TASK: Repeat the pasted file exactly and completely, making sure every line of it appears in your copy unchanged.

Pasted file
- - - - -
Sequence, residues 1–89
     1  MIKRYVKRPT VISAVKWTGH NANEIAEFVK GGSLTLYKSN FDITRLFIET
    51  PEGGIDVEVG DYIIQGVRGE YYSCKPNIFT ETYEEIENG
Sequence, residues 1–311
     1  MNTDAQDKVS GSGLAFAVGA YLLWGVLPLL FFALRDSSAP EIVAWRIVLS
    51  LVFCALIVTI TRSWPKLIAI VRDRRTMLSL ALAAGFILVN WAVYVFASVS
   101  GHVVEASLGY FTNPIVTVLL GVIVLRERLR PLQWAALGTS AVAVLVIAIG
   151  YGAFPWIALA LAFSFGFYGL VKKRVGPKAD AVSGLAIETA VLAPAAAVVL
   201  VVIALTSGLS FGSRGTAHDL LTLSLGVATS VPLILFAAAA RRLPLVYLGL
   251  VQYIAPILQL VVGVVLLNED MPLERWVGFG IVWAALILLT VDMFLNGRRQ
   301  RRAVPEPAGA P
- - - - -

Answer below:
Sequence, residues 1–89
     1  MIKRYVKRPT VISAVKWTGH NANEIAEFVK GGSLTLYKSN FDITRLFIET
    51  PEGGIDVEVG DYIIQGVRGE YYSCKPNIFT ETYEEIENG
Sequence, residues 1–311
     1  MNTDAQDKVS GSGLAFAVGA YLLWGVLPLL FFALRDSSAP EIVAWRIVLS
    51  LVFCALIVTI TRSWPKLIAI VRDRRTMLSL ALAAGFILVN WAVYVFASVS
   101  GHVVEASLGY FTNPIVTVLL GVIVLRERLR PLQWAALGTS AVAVLVIAIG
   151  YGAFPWIALA LAFSFGFYGL VKKRVGPKAD AVSGLAIETA VLAPAAAVVL
   201  VVIALTSGLS FGSRGTAHDL LTLSLGVATS VPLILFAAAA RRLPLVYLGL
   251  VQYIAPILQL VVGVVLLNED MPLERWVGFG IVWAALILLT VDMFLNGRRQ
   301  RRAVPEPAGA P